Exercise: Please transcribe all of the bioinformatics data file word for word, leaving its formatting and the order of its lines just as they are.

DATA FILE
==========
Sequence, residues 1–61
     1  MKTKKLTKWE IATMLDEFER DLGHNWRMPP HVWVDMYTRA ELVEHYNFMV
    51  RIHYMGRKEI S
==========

Sequence, residues 1–61
     1  MKTKKLTKWE IATMLDEFER DLGHNWRMPP HVWVDMYTRA ELVEHYNFMV
    51  RIHYMGRKEI S